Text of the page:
Bob Patterson
GenreSitcom
Created by
Starring
Composers
  • Michael Skloff
  • Giorgio Bertuccelli
Country of originUnited States
Original languageEnglish
No. of seasons1
No. of episodes10 (5 unaired)
Production
Executive producers
  • Peter Tilden
  • Ira Steven Behr
  • Jason Alexander
  • Tim Doyle
Camera setupMulti-camera
Running time30 minutes
Production companies
Release
Original networkABC
Original releaseOctober 2 (2001-10-02) –
October 31, 2001 (2001-10-31)

Bob Patterson is an American television sitcom starring Jason Alexander, produced by Ira Steven Behr. It was directed by Robby Benson and Barnet Kellman. The series premiered on ABC on October 2, 2001, and the final episode aired on October 31 of that year. It was cancelled in November 2001 after five of the ten scheduled episodes aired.[1]

Overview

The show revolves around fictitious motivational speaker Bob Patterson, "America's #3 Self Help Guru", who is popular with millions of people across America, thanks to his books I Know More Than You, I Still Know More Than You and the To the Top! franchise. Friction between his job and family occurs due in part to Bob's self-absorbed but insecure nature and complete lack of self-awareness, ironic qualities for someone whose job is supposed to be selflessly motivating others to improve their lives.

After the show's cancellation, Alexander used the concept behind Patterson to create a similar fictional character named Donny Clay, "America's #4 Self Help Guru." Alexander has toured the United States in character as Clay.[2]

Catchphrases

The character of Bob Patterson had a series of catchphrases:

Cast

Episodes

No.TitleDirected by [3]Written by [3]Original air dateProd.
code [3]
1"Pilot"Barnet KellmanStory by : Jason Alexander & Michael Markowitz & Peter Tilden
Teleplay by : Jason Alexander & Ira Steven Behr & Tim Doyle & Peter Tilden
October 2, 2001 (2001-10-02)1AFY79
2"Honest Bob"Barnet KellmanIra Steven Behr & Peter TildenOctober 9, 2001 (2001-10-09)1AFY03
3"Naked Bob"Barnet KellmanBarbie FeldmanOctober 16, 2001 (2001-10-16)1AFY02
4"Awards Bob"Barnet KellmanHayes JacksonOctober 24, 2001 (2001-10-24)1AFY05
5"Bathroom Bob"Robby BensonBrian ScullyOctober 31, 2001 (2001-10-31)1AFY07
6"Family Bob"Barnet KellmanBrian ScullyUnaired1AFY01
7"Paranoid Bob"Barnet KellmanJustin AdlerUnaired1AFY04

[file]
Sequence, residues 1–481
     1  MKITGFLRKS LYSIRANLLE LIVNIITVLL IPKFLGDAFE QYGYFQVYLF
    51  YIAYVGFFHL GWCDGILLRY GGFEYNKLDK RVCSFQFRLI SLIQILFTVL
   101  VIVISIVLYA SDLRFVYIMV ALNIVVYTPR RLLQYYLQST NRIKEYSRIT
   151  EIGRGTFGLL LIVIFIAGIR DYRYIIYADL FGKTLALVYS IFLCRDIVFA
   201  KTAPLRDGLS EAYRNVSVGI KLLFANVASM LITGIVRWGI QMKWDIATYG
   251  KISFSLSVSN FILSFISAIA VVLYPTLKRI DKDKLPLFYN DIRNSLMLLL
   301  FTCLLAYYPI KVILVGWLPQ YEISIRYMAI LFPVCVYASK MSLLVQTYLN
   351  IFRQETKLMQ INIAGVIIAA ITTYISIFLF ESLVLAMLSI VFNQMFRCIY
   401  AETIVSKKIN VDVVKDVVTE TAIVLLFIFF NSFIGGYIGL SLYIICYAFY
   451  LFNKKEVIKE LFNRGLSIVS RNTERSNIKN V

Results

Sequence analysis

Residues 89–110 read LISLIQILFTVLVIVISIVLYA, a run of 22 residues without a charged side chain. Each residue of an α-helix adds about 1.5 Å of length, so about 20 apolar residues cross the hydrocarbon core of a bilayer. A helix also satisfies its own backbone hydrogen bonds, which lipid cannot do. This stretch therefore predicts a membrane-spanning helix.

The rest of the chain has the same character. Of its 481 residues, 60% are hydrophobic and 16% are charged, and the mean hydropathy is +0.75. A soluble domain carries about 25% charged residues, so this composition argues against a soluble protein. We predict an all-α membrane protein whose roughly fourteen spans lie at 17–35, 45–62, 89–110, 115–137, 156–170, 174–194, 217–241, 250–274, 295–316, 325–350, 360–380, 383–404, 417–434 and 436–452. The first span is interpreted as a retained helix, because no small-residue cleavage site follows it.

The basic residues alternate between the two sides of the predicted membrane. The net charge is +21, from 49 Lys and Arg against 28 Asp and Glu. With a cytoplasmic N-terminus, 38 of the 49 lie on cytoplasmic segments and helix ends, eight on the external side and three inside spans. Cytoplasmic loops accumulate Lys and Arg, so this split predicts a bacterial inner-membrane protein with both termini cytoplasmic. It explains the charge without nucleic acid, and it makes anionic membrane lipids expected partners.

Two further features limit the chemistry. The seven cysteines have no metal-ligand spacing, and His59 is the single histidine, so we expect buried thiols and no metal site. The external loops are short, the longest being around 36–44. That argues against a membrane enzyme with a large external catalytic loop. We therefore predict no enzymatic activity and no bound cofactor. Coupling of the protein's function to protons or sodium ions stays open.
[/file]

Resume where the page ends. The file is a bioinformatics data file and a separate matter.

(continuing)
8"Clown Bob"Barnet KellmanBarbie FeldmanUnaired1AFY06
9"Matchmaker Bob"
"Mentor Bob"
Barnet KellmanJustin AdlerUnaired1AFY08
10"Wheelchair Bob"Barnet KellmanHayes JacksonUnaired1AFY09

Reception

Critical

The series received poor reviews. The New York Times critic Caryn James wrote that "the series may be the season's biggest disappointment... Robert Klein yells while Mr. Alexander screeches."[4] In a one-and-a-half-star review for USA Today, Robert Bianco called Chandra Wilson "the only person in the show you can imagine wanting to see again."[5] Los Angeles Times reviewer Howard Rosenberg wrote: "The only character here that's amusingly written is Bob's new assistant, Claudia (Chandra Wilson)."[6]

Ratings

Ratings for Bob Patterson were considered disappointing.[1] The series' premiere drew 9.8 million viewers, while its final episode recorded 7.8 million viewers.[7]

References

  1. ^ a b Brian Lowry (November 3, 2001). "ABC Takes 'Patterson' Off Lineup". Los Angeles Times. Retrieved 2018-01-19.
  2. ^ Rich Place (July 30, 2009). "Donny Clay coming to Chautauqua". The Post-Journal. Jamestown, New York. Archived from the original on 2011-01-19. Retrieved 2009-07-30.
  3. ^ a b c From the United States Copyright Office catalog: "Public Catalog - Copyright Catalog (1978 to present) - Basic Search [search: "Bob Patterson"]". United States Copyright Office. Retrieved 2017-12-18.
  4. ^ Caryn James (October 2, 2001). "TELEVISION REVIEWS; A Hopeless And Helpless Self-Help Specialist". The New York Times.
  5. ^ Robert Bianco (October 2, 2001). "Alexander's sitcom lacks character". USA Today.
  6. ^ Howard Rosenberg (October 2, 2001). "Comic Timing Can't Save 'Bob Patterson'". Los Angeles Times.
  7. ^ Matt Haber (March 26, 2006). "DIRECTIONS; Sorry, Newman: There May Not Be A Seinfeld Curse". The New York Times.